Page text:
The Fallout for New York Gov. Cuomo Over Nursing Home Deaths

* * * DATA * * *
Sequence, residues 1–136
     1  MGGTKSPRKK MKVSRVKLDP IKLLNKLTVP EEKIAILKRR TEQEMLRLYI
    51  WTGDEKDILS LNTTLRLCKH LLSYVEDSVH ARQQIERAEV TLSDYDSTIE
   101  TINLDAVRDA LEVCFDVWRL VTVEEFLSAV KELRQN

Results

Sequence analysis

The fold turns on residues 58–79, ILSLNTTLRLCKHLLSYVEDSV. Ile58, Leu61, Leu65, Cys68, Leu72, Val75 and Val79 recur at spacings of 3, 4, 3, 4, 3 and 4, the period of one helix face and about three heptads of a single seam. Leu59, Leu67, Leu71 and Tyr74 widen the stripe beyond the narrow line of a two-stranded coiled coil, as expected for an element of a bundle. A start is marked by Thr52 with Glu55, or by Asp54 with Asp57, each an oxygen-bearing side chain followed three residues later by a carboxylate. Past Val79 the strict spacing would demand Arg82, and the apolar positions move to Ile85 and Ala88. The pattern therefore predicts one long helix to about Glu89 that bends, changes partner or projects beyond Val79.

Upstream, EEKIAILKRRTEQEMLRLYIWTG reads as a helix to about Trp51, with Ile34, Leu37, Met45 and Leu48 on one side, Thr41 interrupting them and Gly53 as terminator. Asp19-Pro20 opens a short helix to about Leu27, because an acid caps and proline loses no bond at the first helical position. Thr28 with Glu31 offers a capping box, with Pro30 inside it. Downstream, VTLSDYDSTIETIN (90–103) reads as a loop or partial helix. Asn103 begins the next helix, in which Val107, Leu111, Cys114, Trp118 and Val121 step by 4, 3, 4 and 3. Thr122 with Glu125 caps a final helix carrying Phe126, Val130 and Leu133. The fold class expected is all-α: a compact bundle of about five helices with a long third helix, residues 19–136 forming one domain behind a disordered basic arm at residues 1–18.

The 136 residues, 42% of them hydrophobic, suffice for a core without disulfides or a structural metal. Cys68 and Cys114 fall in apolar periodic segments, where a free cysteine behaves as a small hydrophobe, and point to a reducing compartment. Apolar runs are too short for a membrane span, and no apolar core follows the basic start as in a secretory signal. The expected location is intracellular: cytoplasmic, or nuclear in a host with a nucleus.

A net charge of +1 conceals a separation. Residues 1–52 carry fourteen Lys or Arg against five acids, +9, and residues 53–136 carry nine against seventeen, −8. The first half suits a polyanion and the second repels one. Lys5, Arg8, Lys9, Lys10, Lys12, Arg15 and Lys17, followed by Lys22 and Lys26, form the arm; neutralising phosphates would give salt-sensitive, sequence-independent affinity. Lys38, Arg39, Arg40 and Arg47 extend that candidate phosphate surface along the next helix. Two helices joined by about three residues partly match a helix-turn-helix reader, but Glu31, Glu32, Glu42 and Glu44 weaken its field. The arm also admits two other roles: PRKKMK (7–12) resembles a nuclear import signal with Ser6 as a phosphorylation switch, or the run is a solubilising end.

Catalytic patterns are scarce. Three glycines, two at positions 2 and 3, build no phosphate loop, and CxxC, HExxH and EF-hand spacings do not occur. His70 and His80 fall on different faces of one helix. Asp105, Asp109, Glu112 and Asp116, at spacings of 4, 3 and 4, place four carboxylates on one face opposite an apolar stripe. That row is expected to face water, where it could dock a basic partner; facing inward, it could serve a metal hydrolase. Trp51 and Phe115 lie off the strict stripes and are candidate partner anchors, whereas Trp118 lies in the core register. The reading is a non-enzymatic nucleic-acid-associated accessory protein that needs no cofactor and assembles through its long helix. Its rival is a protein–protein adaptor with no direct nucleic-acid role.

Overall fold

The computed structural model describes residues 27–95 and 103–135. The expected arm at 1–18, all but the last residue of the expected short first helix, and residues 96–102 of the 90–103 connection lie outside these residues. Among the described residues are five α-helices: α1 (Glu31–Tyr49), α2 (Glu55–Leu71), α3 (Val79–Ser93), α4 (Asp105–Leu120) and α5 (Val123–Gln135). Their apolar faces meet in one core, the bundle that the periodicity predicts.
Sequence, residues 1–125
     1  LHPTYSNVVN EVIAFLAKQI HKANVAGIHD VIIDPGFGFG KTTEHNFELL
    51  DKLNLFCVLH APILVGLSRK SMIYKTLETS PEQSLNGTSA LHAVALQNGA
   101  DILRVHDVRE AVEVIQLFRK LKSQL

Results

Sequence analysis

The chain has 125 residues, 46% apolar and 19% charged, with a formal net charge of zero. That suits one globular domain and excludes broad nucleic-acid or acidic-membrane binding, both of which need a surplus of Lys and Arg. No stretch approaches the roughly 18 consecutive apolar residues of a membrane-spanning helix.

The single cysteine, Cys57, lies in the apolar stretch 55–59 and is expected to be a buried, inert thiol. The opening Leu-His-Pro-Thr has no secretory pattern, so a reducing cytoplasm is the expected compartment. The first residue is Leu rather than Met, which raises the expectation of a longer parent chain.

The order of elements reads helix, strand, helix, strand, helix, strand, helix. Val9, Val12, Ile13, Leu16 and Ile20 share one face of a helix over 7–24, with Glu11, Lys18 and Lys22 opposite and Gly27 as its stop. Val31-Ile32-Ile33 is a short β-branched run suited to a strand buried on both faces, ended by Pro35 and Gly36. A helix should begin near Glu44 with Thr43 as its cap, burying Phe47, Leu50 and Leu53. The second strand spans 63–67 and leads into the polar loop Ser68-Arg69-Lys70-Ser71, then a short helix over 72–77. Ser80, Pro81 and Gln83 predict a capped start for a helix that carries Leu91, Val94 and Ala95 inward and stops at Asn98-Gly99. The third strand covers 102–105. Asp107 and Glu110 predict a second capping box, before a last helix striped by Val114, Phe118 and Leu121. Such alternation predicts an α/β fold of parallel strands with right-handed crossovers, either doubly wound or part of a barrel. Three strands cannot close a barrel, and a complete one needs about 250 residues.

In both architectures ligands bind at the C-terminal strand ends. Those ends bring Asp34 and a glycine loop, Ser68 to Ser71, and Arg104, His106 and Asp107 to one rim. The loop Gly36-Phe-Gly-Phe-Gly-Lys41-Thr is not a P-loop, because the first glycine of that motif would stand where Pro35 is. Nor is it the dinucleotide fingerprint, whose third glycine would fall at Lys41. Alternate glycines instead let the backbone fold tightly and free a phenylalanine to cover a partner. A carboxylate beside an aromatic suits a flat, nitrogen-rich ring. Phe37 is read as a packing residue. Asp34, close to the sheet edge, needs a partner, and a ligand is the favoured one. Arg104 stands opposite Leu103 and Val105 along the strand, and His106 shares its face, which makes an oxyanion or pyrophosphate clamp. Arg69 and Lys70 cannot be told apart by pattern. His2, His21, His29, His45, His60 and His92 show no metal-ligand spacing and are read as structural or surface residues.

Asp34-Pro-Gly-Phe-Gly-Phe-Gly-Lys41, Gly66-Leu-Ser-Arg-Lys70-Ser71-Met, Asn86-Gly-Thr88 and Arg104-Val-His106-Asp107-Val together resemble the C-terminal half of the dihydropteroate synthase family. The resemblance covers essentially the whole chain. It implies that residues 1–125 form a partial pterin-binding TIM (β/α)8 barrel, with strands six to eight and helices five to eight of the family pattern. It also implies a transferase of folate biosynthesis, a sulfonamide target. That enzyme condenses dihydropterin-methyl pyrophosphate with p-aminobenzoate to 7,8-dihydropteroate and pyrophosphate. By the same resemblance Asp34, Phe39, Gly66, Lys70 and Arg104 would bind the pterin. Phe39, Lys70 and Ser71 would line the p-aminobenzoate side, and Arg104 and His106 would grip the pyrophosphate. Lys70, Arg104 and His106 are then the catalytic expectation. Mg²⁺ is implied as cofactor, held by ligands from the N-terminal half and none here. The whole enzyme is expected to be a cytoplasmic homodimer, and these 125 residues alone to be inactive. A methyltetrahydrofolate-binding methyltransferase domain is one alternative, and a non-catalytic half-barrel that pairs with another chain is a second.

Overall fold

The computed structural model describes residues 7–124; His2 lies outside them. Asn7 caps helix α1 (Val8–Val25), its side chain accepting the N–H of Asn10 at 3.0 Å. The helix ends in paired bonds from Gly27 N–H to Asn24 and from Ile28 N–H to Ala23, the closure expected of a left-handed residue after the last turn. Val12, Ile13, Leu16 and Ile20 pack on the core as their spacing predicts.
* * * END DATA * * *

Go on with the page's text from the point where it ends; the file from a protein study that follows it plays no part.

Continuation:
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Year, New York Governor Andrew Cuomo's could press briefings won him a devoted following around the country. It also earned him an Emmy Award. But today the governor who normally uses his time to deliver data and talk about vaccination efforts. Took more than 20 minutes to publicly excoriated State Assembly member who's been critical of him if you attacked my integrity. And my administration's integrity. Am I going to fail to respond? No. No. I'm not gonna do that. W My CI's Glen Hogan is here now to break it down a bit for us. Gwen, you listen to a lot of these press briefings. But today was well pretty strange, even by this year standards, right? Can you tell us what happened and who Governor Cuomo was going after here? That's right. So State Assembly member Ron Kim he is a Democratic lawmaker from Queens. His uncle died of covert 19 in a nursing home last spring, and today the governor accused him without evidence of a pay to play scheme regarding campaign donations from nails. Salon owners. Some of Kim's fellow state lawmakers quickly came to his defense and said quote was attack was clearly an effort to deflect further criticism of his own handling of nursing homes. No grand Kim has been a vocal critic of the governor for a while now, so so why would qualify ring this up now? Well. The governor's anger seems to have started last week after Kim smoke to the New York Post about a call between top Cuomo, Wade, Melissa Derosa and Democratic lawmakers. Now, in a partial transcript released by the governor following the post bombshell, it was revealed that the state withheld nursing or that she admitted that the state had withheld nursing home data to try to slow the potential federal probe into nursing homes. So after that story, Kim says he got an angry call from the governor himself, threatening to quote destroy him. And after that, the governor demanded that he retract his statements to the paper. He then says he got more texts and phone calls from the office here. He is describing the call. Was a 10 minute, one sided, screaming and yelling where I felt threatened that if I didn't act in a certain way to issue a statement, not tomorrow. Tonight, in his own words that there were a tradition. Cuomo's office sent out a statement vehemently denying he threatened. Kim, saying the office has a long hostile relationship with the Assemblyman Kim, like you mentioned has been critical of how the governor handled this four months, particularly his withholding of the true death toll inside nursing homes, and he's also criticized his controversial immunity provision, which was passed in the state budget last year. After big campaign donations from nursing home industries, and that provision basically shields nursing homes from liability for covert 19 deaths early on in the pandemic. Now, some context here. This public attack today on Kim also follows a letter that Kim and several other assembly members signed. Urging other lawmakers to support a bill that would repeal the governor's emergency powers. Can you give us some background on that, right? Right, so these powers they were granted by the legislator last year, the start of the pandemic. But now Kim and several other assembly members are trying to drum up legislative support to revoke these powers. So they sent out a letter yesterday to fellow lawmakers asking for their support, saying the governor had obstructed justice and withholding of nursing home deaths. And that not revoking the emergency powers makes the legislator complicity. Now, some experts who spoke with my colleague Chris Robin's earlier say, even if these emergency powers are revoked, the governor still has broad executive power because of the state's constitution, but also because of his, you know, ongoing state of emergency powers, but If they go through with this and revoke these emergency powers, it's definitely a symbolic political rebuke of the governor and his handling of the pandemic. Yeah, and just to remind listeners to. There's even more context here because all of this has unfolded in the two weeks since New York State attorney general a tissue James released the results of a probe that revealed the actual death toll of coded inside nursing House. Rate, So that kind of started this snowball effect in the last two weeks. She actually didn't have the total number of deaths, But the governor's office had for months and months been withholding that this number. It's the number of people who were in nursing homes but were later sent to hospitals where they died. In other words, the state had only been counting deaths that occurred inside nursing homes themselves. As an expert. I talked to said this New York was the only state in the country that was doing this. So it was only after this report came out that the state finally gave the full number of the deaths of people who had died in hospitals. There was also freedom of information, requests, a lawsuit and eventually a court order. Now that we have the full that led up to the full release of this data. So what We know now is that Cove it killed more than 15,000, New Yorkers who were residents of nursing homes and other long term care facilities, And that number includes nearly 6000 deaths that were not previously counted in nursing home deaths.

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